My personal development time last week was spent completing an online course “Oracle DBA for absolute beginners”.
I wouldn’t have described myself as an “absolute beginner”, but I found plenty to enjoy in the course and came away having learned quite a bit about what is going on inside Oracle, and I assume most other database managers.
Circumstances influence what we do in life and so far I have had much more exposure to DB/2 and MS SQL Server than to Oracle. That hasn’t been a decision on my part, simply the choices that had been made for the projects I was involved in.
In a similar way, I’ve spent much more time “dealing with users” as a Business Analyst, than I have working out how to manage the space requirements and performance of a database. It does me good to learn just a little about the things a DBA has to consider. I don’t have to let those considerations govern what I consider the requirements to be, but at least I can understand where other people are coming from.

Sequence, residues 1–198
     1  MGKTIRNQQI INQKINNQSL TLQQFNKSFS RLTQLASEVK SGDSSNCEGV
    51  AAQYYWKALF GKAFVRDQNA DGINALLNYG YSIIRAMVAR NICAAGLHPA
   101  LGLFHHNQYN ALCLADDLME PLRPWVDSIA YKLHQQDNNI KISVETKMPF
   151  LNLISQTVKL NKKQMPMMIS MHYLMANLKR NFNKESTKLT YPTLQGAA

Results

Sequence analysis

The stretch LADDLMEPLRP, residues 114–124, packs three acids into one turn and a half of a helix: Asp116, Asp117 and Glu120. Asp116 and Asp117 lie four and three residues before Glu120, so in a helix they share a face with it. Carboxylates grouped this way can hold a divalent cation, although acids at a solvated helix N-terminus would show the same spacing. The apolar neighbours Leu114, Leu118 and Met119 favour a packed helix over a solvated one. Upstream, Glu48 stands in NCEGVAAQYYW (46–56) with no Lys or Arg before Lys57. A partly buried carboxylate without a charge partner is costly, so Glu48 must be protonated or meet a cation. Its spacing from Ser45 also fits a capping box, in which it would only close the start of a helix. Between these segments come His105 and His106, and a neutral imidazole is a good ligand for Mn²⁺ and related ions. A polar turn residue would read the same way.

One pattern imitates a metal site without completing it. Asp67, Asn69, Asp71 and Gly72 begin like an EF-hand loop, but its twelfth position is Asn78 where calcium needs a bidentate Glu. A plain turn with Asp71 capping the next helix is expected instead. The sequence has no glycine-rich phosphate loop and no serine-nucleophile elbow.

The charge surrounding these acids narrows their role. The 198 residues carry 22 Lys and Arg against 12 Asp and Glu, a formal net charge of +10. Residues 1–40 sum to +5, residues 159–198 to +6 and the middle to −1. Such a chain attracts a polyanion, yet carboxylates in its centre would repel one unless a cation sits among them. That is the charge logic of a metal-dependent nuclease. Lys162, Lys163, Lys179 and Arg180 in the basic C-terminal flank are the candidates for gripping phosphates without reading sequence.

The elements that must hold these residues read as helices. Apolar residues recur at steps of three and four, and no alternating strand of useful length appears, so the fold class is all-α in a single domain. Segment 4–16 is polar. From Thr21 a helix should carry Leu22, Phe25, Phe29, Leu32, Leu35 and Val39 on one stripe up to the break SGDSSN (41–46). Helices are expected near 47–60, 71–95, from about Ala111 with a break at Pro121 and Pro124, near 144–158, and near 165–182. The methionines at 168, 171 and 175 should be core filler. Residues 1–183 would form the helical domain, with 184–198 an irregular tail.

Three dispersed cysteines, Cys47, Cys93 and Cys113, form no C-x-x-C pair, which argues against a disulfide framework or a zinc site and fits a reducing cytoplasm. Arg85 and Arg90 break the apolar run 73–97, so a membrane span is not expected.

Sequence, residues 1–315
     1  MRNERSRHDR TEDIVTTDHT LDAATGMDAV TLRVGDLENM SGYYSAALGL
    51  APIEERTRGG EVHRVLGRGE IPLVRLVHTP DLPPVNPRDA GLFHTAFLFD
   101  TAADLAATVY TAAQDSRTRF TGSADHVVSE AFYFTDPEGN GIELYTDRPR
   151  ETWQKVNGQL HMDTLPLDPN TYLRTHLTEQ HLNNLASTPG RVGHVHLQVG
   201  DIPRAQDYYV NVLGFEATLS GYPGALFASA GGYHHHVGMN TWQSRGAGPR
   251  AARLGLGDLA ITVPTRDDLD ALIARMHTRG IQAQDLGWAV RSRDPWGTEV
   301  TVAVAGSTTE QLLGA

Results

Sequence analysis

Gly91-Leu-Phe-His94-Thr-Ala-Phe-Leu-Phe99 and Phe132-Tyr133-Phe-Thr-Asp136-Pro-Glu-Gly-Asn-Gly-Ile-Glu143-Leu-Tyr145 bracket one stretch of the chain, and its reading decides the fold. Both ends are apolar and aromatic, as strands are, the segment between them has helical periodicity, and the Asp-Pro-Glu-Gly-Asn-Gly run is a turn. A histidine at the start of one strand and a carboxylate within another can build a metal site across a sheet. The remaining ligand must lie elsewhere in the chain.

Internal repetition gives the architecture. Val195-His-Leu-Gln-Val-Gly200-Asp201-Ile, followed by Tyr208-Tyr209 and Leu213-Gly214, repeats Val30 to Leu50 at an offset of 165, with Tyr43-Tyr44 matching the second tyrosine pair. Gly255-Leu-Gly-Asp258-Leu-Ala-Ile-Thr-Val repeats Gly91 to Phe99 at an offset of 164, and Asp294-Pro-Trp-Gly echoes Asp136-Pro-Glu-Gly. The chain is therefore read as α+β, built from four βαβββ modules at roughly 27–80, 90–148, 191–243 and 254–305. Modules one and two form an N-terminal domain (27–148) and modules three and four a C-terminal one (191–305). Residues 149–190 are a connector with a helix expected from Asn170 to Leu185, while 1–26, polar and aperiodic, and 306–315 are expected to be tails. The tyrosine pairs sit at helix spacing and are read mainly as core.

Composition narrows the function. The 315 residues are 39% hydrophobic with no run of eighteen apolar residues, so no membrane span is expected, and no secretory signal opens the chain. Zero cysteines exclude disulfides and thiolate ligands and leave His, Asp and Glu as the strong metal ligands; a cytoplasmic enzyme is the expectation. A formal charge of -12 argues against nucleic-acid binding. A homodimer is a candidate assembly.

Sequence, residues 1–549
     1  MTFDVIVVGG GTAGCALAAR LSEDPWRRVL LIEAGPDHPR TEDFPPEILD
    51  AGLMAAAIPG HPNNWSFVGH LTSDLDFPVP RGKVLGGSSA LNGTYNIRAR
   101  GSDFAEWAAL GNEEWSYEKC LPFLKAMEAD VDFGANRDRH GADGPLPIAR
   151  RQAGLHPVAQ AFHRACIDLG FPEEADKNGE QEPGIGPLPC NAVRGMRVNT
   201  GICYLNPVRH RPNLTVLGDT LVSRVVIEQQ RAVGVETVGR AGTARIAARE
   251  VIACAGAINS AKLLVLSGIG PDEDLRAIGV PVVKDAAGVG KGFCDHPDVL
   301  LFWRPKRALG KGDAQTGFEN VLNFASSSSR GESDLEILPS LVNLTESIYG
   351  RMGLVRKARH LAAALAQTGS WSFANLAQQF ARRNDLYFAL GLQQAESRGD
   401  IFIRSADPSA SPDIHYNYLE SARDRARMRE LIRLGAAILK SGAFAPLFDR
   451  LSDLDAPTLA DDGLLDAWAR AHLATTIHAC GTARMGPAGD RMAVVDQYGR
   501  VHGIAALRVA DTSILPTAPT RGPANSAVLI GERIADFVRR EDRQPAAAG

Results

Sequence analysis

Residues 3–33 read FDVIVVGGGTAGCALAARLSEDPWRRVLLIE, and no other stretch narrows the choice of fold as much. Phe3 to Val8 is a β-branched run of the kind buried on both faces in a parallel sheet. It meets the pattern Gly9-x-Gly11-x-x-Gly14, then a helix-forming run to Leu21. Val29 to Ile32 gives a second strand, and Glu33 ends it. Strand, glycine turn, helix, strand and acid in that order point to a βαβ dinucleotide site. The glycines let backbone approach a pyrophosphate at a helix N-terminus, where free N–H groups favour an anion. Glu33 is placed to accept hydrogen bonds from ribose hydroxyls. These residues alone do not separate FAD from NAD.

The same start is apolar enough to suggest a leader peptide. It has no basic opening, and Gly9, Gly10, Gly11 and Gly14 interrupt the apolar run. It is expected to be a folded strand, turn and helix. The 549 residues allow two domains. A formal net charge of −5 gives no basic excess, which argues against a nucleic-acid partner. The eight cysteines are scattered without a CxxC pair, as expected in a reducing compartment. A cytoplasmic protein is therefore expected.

Taking the course led me to what you might consider “meta” thinking: thinking about not the content of the course, but the way it was presented and the platform Udemy on which it was presented.
I find Udemy interesting. It seems to work well. It certainly worked for me.
Udemy seem to be aiming to be a “neutral marketplace”. The courses belong to the course instructors. Of course Udemy have standards for courses, but beyond the usual “fit to print” conditions, they are mostly technical standards (quality of video and sound) rather than subject matter related. In a similar spirit, Udemy promote the platform, but the promotion I have seen seems to be fairly neutral with regard to individual courses. On the other hand, instructors or course owners are completely free to advertise their wares elsewhere and direct potential customers into Udemy. It’s a simple model which I think I will investigate further.